When cre­at­ing new products or ser­vices, it is worth doing it based on a deep under­stand­ing of the prob­lems and needs of users. That’s the time where “Design Think­ing” should be used. In Codelab, we have used this approach while work­ing on a Rear Seat Enter­tain­ment (RSE) demon­stra­tion pro­ject that was presen­ted at the Car HMI 2019 in Ber­lin. The goal of this research & devel­op­ment pro­ject was to explore the pos­sib­il­it­ies to cre­ate an infotain­ment sys­tem for rear seat pas­sen­gers in mod­ern cars. Hard­ware con­sists of Rasp­berry Pi, auto­mot­ive-grade touch screen, cus­tom designed alu­min­um chassis and vari­ous accessor­ies. Effect? What you can see on the screen is presen­ted in the video below — take a look.

But let’s focus first on what “Design Think­ing“ exactly is: It is a product devel­op­ment approach based on sev­er­al assumptions.

At first it requires to con­cen­trate on the End User – his or her needs, no mat­ter if they are expli­citly stated or only sub­con­sciously perceived.

At this stage, we cre­ated a team to gath­er the require­ments dur­ing sev­er­al work­shops, where we brain­stormed to determ­ine the actu­al user and their most import­ant use cases. To find out what the need of such a user would be, we first had to care­fully think who this typ­ic­al end user was? There­fore, when cre­at­ing RSE, we star­ted by cre­at­ing per­so­nas — people to whom we gave spe­cif­ic names and char­ac­ter­ist­ics that rep­res­en­ted typ­ic­al end users in their cat­egor­ies. After­wards we star­ted to think about the needs of these typ­ic­al people as rear passengers.

We all know that in the car, for example, an air con­di­tion­ing con­trol sys­tem is use­ful, but would­n’t it be good to enable such con­trol from the touch screen level also for pas­sen­gers sit­ting in the back? Would­n’t it affect the com­fort of their trip?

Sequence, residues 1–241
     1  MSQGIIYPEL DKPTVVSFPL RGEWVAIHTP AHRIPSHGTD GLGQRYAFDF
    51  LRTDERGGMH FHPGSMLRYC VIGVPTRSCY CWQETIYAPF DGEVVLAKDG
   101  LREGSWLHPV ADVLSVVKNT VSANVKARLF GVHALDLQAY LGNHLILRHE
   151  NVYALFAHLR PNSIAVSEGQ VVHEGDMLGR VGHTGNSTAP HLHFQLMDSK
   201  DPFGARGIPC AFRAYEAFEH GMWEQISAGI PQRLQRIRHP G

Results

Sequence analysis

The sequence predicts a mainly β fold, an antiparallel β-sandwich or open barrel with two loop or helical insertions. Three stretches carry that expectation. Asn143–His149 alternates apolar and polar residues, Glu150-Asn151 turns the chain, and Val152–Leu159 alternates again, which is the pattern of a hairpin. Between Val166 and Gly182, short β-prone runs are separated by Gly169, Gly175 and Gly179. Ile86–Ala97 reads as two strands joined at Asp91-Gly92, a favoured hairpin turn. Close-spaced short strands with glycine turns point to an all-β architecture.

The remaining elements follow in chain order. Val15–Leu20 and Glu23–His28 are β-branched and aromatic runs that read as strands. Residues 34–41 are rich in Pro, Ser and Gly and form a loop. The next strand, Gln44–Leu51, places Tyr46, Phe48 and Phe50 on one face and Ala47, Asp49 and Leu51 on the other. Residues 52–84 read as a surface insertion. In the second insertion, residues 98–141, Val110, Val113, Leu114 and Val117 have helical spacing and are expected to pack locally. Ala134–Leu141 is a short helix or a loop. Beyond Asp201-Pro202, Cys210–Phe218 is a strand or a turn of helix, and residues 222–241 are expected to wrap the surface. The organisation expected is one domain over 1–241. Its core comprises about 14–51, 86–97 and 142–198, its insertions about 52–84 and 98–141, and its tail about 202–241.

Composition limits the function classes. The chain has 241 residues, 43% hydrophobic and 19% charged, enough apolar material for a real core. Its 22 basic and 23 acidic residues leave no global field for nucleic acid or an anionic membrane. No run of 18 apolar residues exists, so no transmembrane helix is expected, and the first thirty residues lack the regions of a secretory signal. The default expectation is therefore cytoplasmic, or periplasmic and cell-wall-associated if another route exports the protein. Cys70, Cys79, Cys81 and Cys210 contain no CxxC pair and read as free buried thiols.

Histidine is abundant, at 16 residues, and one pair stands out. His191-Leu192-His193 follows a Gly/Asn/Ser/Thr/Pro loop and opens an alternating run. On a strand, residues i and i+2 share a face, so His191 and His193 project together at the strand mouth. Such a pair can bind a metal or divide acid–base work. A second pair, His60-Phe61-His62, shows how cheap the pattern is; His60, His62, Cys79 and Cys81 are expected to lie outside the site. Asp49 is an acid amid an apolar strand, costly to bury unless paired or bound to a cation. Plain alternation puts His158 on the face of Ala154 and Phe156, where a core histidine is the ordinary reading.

Would­n’t the per­son in the back want to be able to read web con­tent? The driver or front pas­sen­ger can choose a radio sta­tion, but would­n’t it be easi­er if a child sit­ting in the back could play con­tent from a USB flash drive?

Or maybe it would be use­ful to look at the nav­ig­a­tion screen to check the pro­gress of the trip? Or maybe the pas­sanger needs some­thing else? After all, before the appear­ance of tab­lets on the mar­ket, con­sumers were per­fectly fine without them …

These and many oth­er, often non-obvi­ous ques­tions needed to be answered when we focused on the end user dur­ing our meet­ings. Such meet­ings were per­formed in iter­at­ive man­ner and we were able to improve our under­stand­ing of user needs and expect­a­tions. We used sticky notes and phys­ic­al cork­boards to facil­it­ate inter­ac­tion between team mem­bers. Sub­sequently, the notes have been trans­ferred to Git­Lab in digit­al form and later trans­lated to set of form­al require­ments and user stor­ies. Finally, tasks were assigned to team mem­bers for implementation.

Anoth­er assump­tion of “Design Think­ing” is cre­at­ive col­lab­or­a­tion, in order to look at the prob­lem from vari­ous points of view and to think out­side the box. It is import­ant to look at encountered prob­lems from many dif­fer­ent per­spect­ives in order to act­ively search for new solu­tions and not fall into the usu­al pat­tern. After all, just because some­thing works does­n’t mean it can­’t work bet­ter. There­fore, dur­ing the cre­ation of RSE, for example, the concept of skins for screens appeared depend­ing on wheth­er the place is assigned to a child or an adult, or simple games for the young­est trav­el­ers. Also, since it is not a drivers head unit with rel­at­ively stat­ic screen, we added some dynam­ic ele­ments on the screen such as particles.

Last but not least, an import­ant pil­lar for Design Think­ing is exper­i­ment­ing and test­ing of hypo­theses. Dur­ing the cre­ation of our RSE, we invited mem­bers of oth­er teams to see the out­come of our work and asked to share their usab­il­ity impression.

Based on these opin­ions, we were able to add appro­pri­ate cor­rec­tions. Hence, for example, in order to adapt to the needs as much as pos­sible, the media con­trol from the main screen was changed many times or cor­rec­tions were made to the sys­tem of switch­ing between indi­vidu­al applic­a­tion win­dows. The effect of this approach was also the appear­ance of the pre­vi­ously men­tioned particles which changed the appear­ance of the whole inter­face into being more eye-friendly.

The Design Think­ing approach proved to be suc­cess­ful and we are look­ing for­ward to apply­ing it again dur­ing our Research & Devel­op­ment work in HMI Cen­ter of Competence.